He learned it at his dad's knee.
|Jerry McNamee of Bowling Green with his meat pasties, a family recipe and winner during the 2013 Farm Fresh Recipe Contest series. (Photos: Enoch Wu/Sentinel-Tribune)
Jerry McNamee knows what goes into a great meat pastie - one of the linchpins of traditional Irish cooking.
"I had a lot of fun making these with my dad," said McNamee, a Montana native who moved to Bowling Green 14 months ago. His father, Bob McNamee, is a professional baker and taught Jerry how to create this oh-so-Irish recipe when Jerry was about 14.
In fact, it was the first food he ever learned to make.
"My Grandmother Helen was the inspiration" for the pasties, he adds.
McNamee's parents were high school sweethearts in Anaconda, Montana, a part of the state known for its copper mining.
"Pasties are synonymous with copper mining. They're miners' food, easy to take to work."
McNamee, who boasts 90 percent Irish descent, said most Americans credit pasties to the Irish, although "some say to Cornish."
The dish's origin relates to the fact that the Irish historically had to make do with very little.
"It was the scraps from food" that went into the ingenious pies - making them a tasty way to mix frugal with gourmet.
"Out in Montana every family kind of had their own family recipe for pasties. Our family went with ground beef versus sirloin tips, chicken or venison. Any kind of meat that you had on hand, and had an abundance of," said McNamee. "Lamb especially, if you want to go traditional."
McNamee enjoyed learning from an expert.
His dad was a bakery manager for Buttrey's, "a supermarket chain out West, that was bought by Albertson's about 15 years ago."
That was in an era when supermarkets still made all their own bread fresh.
Dad was also known for the traditional candies he made, especially at Christmas time.
"With this turn to cooler weather we're having, this is the day we'd start in on making divinity" fudge, McNamee recalls. "That and caramel rolls."
Once a baker, always a baker accurately describes his father. "To this day he still makes the cinnamon rolls for after mass every Sunday."
As a boy, McNamee recalls, "I got to leave church after communion to help get the hot cinnamon rolls ready" for the parishioners who came rolling into the church hall once the service was over.
Dad also made a Tom and Jerry batter for the alcoholic beverage by that name. "We used to have to make that for the neighborhood."
The devotion to homemade goodies is something McNamee has adopted.
"I have my own starter dough at my house. I make bread; I cook a lot," he said. "My wife's an excellent cook but she'll say I'm better, so why would she cook?"
He and wife Susan have lived in four states in the last six years. She's now on the faculty of Bowling Green State University, which is what brought the couple to Ohio.
"BG feels like home; we love it here," said McNamee,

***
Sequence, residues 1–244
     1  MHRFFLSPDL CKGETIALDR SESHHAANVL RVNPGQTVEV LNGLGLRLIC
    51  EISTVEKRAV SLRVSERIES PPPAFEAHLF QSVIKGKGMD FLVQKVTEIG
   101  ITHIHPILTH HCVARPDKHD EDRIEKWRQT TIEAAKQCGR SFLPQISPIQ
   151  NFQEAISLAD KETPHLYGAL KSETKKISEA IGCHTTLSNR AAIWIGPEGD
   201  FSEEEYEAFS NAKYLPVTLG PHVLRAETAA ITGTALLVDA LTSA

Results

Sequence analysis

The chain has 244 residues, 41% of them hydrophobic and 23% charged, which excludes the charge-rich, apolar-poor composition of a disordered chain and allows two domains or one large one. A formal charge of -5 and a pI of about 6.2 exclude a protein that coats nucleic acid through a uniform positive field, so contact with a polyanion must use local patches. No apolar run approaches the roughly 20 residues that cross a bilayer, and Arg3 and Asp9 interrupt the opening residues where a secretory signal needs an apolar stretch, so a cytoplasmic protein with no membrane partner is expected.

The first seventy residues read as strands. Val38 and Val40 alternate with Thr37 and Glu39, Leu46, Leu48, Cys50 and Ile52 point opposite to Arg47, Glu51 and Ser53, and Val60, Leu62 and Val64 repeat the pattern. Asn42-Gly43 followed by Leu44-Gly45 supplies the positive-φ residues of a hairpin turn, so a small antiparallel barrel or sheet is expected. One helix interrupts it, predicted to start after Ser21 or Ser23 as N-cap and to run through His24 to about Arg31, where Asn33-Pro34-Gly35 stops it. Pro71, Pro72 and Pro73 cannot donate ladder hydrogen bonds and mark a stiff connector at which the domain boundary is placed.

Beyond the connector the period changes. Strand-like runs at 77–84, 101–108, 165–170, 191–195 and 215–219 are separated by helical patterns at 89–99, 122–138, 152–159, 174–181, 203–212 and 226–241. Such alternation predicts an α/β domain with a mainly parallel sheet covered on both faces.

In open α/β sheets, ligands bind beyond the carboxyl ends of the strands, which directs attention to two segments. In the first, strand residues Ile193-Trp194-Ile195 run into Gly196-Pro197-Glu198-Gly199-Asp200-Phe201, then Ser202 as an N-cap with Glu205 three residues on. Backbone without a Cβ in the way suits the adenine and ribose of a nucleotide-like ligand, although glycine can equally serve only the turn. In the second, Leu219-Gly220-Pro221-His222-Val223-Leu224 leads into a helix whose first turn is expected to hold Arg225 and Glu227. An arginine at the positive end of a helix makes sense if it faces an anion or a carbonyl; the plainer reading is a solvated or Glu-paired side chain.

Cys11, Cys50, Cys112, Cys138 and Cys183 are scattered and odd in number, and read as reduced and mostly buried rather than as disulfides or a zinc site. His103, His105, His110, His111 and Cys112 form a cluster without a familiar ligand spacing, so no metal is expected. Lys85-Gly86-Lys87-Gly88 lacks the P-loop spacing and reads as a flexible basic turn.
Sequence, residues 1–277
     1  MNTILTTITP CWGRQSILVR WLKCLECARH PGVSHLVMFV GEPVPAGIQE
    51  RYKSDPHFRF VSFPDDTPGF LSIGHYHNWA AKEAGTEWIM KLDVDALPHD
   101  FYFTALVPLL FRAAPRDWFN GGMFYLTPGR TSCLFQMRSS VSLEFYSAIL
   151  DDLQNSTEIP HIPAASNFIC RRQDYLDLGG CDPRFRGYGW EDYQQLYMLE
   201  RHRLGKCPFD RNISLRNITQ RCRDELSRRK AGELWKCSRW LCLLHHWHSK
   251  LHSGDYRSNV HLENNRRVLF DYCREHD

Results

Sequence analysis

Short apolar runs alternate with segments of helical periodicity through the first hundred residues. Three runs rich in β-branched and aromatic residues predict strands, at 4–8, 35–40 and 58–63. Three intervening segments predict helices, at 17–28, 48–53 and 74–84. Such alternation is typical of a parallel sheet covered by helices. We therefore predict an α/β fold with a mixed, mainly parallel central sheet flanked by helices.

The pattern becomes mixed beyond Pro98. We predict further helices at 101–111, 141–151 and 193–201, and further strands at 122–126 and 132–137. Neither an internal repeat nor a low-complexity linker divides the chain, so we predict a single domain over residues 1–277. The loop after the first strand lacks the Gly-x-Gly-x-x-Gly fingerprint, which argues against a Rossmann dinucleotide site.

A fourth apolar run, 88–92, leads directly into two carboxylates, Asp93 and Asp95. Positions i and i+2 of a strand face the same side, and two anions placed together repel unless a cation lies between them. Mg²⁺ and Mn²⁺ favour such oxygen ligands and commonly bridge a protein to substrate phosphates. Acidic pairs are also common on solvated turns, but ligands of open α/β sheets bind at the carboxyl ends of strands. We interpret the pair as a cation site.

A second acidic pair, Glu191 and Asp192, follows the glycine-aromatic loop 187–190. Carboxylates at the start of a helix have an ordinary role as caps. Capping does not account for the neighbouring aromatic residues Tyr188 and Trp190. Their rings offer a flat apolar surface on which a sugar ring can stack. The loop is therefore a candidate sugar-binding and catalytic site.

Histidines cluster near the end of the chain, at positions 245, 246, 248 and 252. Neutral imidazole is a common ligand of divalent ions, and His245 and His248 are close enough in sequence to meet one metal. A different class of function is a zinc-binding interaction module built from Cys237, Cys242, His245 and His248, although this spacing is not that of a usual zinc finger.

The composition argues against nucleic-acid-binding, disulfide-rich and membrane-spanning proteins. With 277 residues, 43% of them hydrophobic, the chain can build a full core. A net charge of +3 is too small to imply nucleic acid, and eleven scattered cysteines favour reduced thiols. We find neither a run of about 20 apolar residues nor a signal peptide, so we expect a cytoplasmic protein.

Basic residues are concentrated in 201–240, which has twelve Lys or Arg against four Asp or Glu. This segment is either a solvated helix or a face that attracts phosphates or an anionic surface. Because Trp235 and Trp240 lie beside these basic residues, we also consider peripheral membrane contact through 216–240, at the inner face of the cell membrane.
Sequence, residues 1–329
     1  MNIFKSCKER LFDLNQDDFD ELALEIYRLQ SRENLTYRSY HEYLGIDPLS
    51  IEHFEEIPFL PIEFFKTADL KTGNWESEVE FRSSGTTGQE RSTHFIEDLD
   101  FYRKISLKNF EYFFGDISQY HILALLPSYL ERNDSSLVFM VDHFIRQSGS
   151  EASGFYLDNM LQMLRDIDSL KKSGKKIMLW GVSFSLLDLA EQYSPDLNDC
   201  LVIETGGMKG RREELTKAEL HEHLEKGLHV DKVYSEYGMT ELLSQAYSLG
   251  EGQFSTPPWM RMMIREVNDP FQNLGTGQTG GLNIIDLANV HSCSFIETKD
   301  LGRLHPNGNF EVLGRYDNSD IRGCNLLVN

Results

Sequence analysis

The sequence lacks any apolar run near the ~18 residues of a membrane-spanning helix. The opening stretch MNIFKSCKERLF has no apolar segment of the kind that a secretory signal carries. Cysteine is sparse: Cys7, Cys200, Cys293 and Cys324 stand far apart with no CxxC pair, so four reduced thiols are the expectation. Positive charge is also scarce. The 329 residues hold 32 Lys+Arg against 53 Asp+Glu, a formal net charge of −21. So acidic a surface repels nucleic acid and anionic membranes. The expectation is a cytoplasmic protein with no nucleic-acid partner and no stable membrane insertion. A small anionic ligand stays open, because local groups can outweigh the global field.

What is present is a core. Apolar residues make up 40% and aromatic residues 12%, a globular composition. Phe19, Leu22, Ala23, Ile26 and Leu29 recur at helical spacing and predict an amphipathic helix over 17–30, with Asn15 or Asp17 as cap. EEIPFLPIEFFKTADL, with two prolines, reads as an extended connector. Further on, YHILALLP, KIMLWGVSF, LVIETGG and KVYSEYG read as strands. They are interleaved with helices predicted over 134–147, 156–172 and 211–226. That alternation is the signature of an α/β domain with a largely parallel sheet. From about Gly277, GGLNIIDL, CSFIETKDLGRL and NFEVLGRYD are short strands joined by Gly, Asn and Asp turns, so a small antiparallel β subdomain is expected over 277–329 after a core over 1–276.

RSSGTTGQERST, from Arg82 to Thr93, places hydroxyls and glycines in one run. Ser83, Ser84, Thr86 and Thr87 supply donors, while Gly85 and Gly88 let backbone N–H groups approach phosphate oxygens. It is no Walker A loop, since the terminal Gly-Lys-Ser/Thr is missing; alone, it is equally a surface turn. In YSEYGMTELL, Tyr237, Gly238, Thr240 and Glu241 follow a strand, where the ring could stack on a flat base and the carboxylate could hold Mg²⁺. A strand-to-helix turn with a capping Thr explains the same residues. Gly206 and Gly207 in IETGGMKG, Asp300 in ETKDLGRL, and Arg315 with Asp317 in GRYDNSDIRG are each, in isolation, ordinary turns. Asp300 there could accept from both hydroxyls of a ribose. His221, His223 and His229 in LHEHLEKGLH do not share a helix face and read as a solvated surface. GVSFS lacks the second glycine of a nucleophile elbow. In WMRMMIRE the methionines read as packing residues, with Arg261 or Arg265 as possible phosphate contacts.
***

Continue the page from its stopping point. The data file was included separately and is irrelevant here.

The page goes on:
Prior to the latest move, the couple lived in Texas for a short period. That magnified McNamee's love for barbecuing, "especially Southern food, anything with pork. I like smoking meats."
He's currently the teen programmer for the city of Bowling Green. "We offer free programming for middle school kids at least once a month" as a safe, fun way to "get them active."
During the summer he also doubled as "Zucchini Bob," serving as emcee of the Downtown Farmers' Market's zucchini races.
"I make pasties about once a month, especially now that it's time to start eating these more filling meals. My wife loves 'em. She'd never tasted pasties until she got involved with our family. She'll ask me to make them" on a frequent basis.
His pasties wowed the judges at last week's farmers' market, where they won the final Farm Fresh Recipe Contest of the inaugural 2013 season.
McNamee describes himself as a "purist - kind of a snob and not too afraid to admit it," when it comes to the meat pies.
Cutesy or over-Americanized variations don't impress him. "Especially putting French fries in it; that makes me crazy."
The version McNamee made for public consumption is very close to his father's, with a couple differences.
"Dad's exact "formula" has to remain a secret. "If I gave out those little bits of information, my dad would come out and kill me."
His most crucial preparation hint has to do with making sure the water is really cold before mixing the pastie dough.
"It should have a thin layer of ice on top of it."
McNamee ensures that by popping the water into the freezer about a half hour before he needs it.
"And be gentle with it. People aren't gentle enough with their pie dough."
If you're worried about the calories and fat in the recipe, since it calls for ground beef, McNamee says bison pasties are really tasty too, and you just need to add an egg to bind the filling ingredients.
Much of the fat comes from the shortening, which also gives the crust its texture. You can make smaller portions and adjust the cooking time to compensate.
Baker Bob's Pasties
31⁄2 cups all-purpose flour, sifted
11⁄2 teaspoons salt
1 cup shortening
1 cup cold water (almost frozen)
In a large bowl, combine flour and salt. Cut in shortening until mixture resembles coarse crumbs. Stir in water until mixture forms a ball. Shape into a ball. Wrap in plastic and refrigerate.
1 lb. ground beef
5-6 small to medium red potatoes (do not peel), small diced
1 large white onion, small diced
5-6 carrots peeled, small diced
Salt, Pepper, Worcestershire sauce to taste, about 2 Tbsp of each.
In a large bowl, combine meat, potatoes, onion, and chopped carrots. Season with salt and pepper and Worcestershire.
Divide dough into six pieces, and shape into balls. On a lightly floured surface, roll each ball into a 6 inch round. Place approximately a handful of filling on one half of each. Roll over dough and tuck under. Brush on egg wash. (one egg beaten with some water added) Bake for 45-60 minutes at 400 degrees.
Nutritional analysis per pastie:
Calories 969; Carbohydrate 91g; Protein 23; Fat 56g